On the day after Joe Biden’s inauguration as US president last month, the White House released its “National Security Memorandum 1.” The memo focused on steps to enhance US leadership in global efforts to combat the coronavirus disease (COVID-19) and to strengthen global health security. The decision for the first national security memo to focus on COVID-19 highlights the Biden administration’s prioritization of combating the pandemic, as well as the role that foreign aid will play in the new president’s foreign policy.
Biden and his top foreign policy officials have been clear that the pandemic, climate change, rebuilding US multilateral and bilateral relationships, and defending democracy and human rights are top priorities. Underlining these priorities is an emphasis on restoring diplomacy as the primary foreign policy tool. Foreign aid will play an important role in helping the Biden administration pursue these goals, as well as working more broadly to improve the country’s reputation abroad and its store of soft power.
Biden’s approach to foreign aid so far is fundamentally different from the Trump administration’s approach, though Biden’s conception of foreign aid is more in line with some previous presidents.
The Trump administration tended to view foreign aid through a more transactional lens, as something that the US offers to other countries in return for their compliance with American requests or other favors to Washington.
The Biden administration sees foreign aid as serving practical foreign policy goals. Through this lens, foreign aid and development assistance are part of a broader strategic web in which different policy strands strengthen each other. In an interconnected world, it is in the US’ interests to support other countries in ways that strengthen their ability to respond to public health crises, migration challenges, climate concerns and more, because those problems cross borders and can pose threats to US interests. Furthermore, foreign aid bolsters favorable views of the US and increases connections with communities and leaders, which in turn strengthen Washington’s diplomatic efforts.
For the Biden team, there also is a moral component to foreign aid — a responsibility on the part of the world’s most powerful country to help others. However, there are limits to the role that moral obligation will play. Biden has appointed experienced pragmatists to key foreign policy positions. At a time when many Americans believe that their government has failed to sufficiently invest in health, education, infrastructure and assistance to the poor at home, it is difficult to make the argument that their tax dollars should flow overseas.
The first priority for aid under the Biden administration is helping other countries fight the COVID-19 pandemic and strengthen their public health sectors. Biden recently announced that the US would provide $2 billion — with eventual plans for an additional $2 billion — to support the COVAX facility, which is designed to help medium and low-income countries acquire COVID-19 vaccines.
The administration also intends to provide foreign aid designed to strengthen public health systems and help them cope with the many secondary health effects of the pandemic, such as increased threats to women’s health.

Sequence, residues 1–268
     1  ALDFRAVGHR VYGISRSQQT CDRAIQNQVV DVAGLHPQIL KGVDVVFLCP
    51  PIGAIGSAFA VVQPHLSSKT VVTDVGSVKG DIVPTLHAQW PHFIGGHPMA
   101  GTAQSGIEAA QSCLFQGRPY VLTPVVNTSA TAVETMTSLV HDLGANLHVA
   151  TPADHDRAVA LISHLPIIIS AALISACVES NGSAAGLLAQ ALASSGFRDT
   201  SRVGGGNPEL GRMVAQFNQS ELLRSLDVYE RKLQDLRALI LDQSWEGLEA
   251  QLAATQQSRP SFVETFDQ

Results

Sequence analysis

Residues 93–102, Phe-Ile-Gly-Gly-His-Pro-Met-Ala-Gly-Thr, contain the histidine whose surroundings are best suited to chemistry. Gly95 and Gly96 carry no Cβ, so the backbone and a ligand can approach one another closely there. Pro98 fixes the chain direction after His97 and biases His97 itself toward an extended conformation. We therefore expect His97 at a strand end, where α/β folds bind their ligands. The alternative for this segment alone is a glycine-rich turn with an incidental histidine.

Another focus for aid under Biden will be boosting climate change resiliency. On the diplomatic front, the president’s team will pursue efforts to address the causes of climate change. In terms of aid, the focus will be on helping countries cope with the impacts of climate change.
Administration officials and the president have also said they will provide humanitarian aid to Yemen and restore humanitarian and economic assistance to the Palestinians. Biden wants to reclaim US leadership in global institutions, and aid will play a key role. Further details will be forthcoming as the Biden team settles in and conducts policy reviews.
In a sign of the increased importance of foreign aid under Biden, he is elevating the position of USAID administrator to be a member of the National Security Council. USAID is the primary agency — though not the sole agency — responsible for managing US aid programs. Biden also appointed Samantha Power as the USAID administrator. Power is a high-profile Democrat with extensive experience in the Obama administration, including as US ambassador to the UN. If confirmed, she will bring significant influence to USAID.
As the Biden team seeks to reorient the approach to foreign aid, there are several challenges and opportunities. While the Trump administration had close relationships with several important countries, it oversaw a significant decline in US favorability ratings abroad and overall trust in the US. This will be a challenge as the Biden team tries to rebuild the country’s reputation, but it is also an opportunity to chart a new course. Another challenge will be persuading Congress and American voters to support foreign aid while pursuing a huge pandemic and economic recovery package and while many Americans want increased investment at home.
The first priority for aid under the Biden administration is helping other countries fight the COVID-19 pandemic.
Kerry Boyd Anderson
Washington will have to decide how to handle implementing aid programs in areas where China also has a growing presence. While the Trump administration’s overall approach was to force a choice between Washington and Beijing, Biden is more likely to take a nuanced approach and potentially step up US involvement to avoid leaving a vacuum for China to fill.
While facing these challenges, the Biden team knows that the US remains one of the few countries — and sometimes the only country — with the financial, logistical and political resources to effectively address desperate global needs and problems that affect everyone, including Americans. Foreign aid will play a key role in that process.